Maya glyphs were fundamentally logographic. Generally the glyphs used as phonetic elements were originally logograms that stood for words that were themselves single syllables, syllables that either ended in a vowel or in a weak consonant such as y, w, h, or glottal stop. For example, the logogram for 'fish fin' (Maya [kah] - found in two forms, as a fish fin and as a fish with prominent fins), came to represent the syllable ka. These syllabic glyphs performed two primary functions: They were used as phonetic complements to disambiguate logograms which had more than one reading, as also occurred in Egyptian, and they were used to write grammatical elements such as verbal inflections which did not have dedicated logograms, as in modern Japanese. For example, bahlam 'jaguar' could be written as a single logogram, BALAM, complemented phonetically as ba-BALAM, or BALAM-ma, or ba-BALAM-ma, or written completely phonetically as ba-la-ma.
An "emblem glyph" is a kind of royal title. It consists of a word ajaw a Classic Maya term for "lord" of yet unclear etymology but well-attested in Colonial sources and a place name that precedes the word ajaw and functions as an adjective. An expression "Boston lord" would be a perfect English analogy. Sometimes, the title is introduced by an adjective kÕuhul ("holy, divine" or "sacred"), just as if someone wanted to say "holy Boston lord". Of course, an "emblem glyph" is not a "glyph" at all: it can be spelled with any number of syllabic or logographic signs and several alternative spellings are attested for the words kÕuhul and ajaw, which form the stable core of the title. The term "emblem glyph" simply reflects the times when mayanists could not read Classic Maya inscriptions and had to come up with some nicknames isolating certain recurrent structural components of the written narratives.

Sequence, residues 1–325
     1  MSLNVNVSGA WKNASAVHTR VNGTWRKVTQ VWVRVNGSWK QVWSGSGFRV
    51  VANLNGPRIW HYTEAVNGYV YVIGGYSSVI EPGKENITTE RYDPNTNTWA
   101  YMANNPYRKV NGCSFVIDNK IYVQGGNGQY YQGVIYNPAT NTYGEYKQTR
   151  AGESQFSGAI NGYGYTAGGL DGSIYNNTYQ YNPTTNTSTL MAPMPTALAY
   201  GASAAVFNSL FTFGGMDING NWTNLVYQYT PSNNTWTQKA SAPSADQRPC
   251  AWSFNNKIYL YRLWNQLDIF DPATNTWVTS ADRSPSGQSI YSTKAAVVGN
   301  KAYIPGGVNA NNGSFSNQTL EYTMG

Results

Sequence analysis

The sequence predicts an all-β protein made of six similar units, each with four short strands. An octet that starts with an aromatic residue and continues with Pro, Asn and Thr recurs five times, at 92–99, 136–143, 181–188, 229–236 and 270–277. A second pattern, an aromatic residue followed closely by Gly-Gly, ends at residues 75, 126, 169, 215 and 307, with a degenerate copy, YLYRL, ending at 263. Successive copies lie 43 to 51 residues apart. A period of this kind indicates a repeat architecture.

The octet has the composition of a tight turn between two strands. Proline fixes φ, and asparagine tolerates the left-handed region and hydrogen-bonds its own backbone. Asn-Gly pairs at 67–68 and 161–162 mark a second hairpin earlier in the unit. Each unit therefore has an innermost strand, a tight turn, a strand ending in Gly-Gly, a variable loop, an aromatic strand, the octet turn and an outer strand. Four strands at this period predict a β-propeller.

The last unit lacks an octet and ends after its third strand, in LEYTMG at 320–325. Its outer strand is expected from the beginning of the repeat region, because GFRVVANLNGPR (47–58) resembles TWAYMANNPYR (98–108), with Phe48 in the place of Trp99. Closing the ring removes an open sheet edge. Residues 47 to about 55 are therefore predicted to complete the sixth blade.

This title was identified in 1958 by Heinrich Berlin, who coined the term "emblem glyph". Berlin noticed that the "emblem glyphs" consisted of a larger "main sign" and two smaller signs now read as kÕuhul ajaw. Berlin also noticed that while the smaller elements remained relatively constant, the main sign changed from site to site. Berlin proposed that the main signs identified individual cities, their ruling dynasties, or the territories they controlled.
Subsequently, Marcus argued that the "emblem glyphs" referred to archaeological sites, broken down in a 5-tiered hierarchy of asymmetrical distribution. Marcus' research assumed that the emblem glyphs were distributed in a pattern of relative site importance depending on broadness of distribution, roughly broken down as follows: Primary regional centers (capitals) (Tikal, Calakmul, and other "superpowers") were generally first in the region to acquire a unique emblem glyph(s). Texts referring to other primary regional centers occur in the texts of these "capitals", and dependencies exist which utilize the primary center's glyph.
Secondary centers (Altun Ha, Luubantuun, Xunantunich, and other mid-sized cities had their own glyphs but are only rarely mentioned in texts found in the primary regional center, while repeatedly mentioning the regional center in their own texts. Tertiary centers (towns) had no glyphs of their own, but have texts mentioning the primary regional centers and perhaps secondary regional centers on occasion.
These were followed by the villages with no emblem glyphs and no texts mentioning the larger centers, and hamlets with little evidence of texts at all. This model was largely unchallenged for over a decade until Mathews and Justeson, as well as Houston argued once again that the "emblem glyphs" were the titles of Maya rulers with some geographical association.
The debate on the nature of "emblem glyphs" received a new spin with the monograph by Stuart and Houston. The authors convincingly demonstrated that there were lots of place names-proper, some real, some mythological, mentioned in the hieroglyphic inscriptions. Some of these place names also appeared in the "emblem glyphs", some were attested in the "titles of origin" (various expressions like "a person from Boston"), but some were not incorporated in personal titles at all.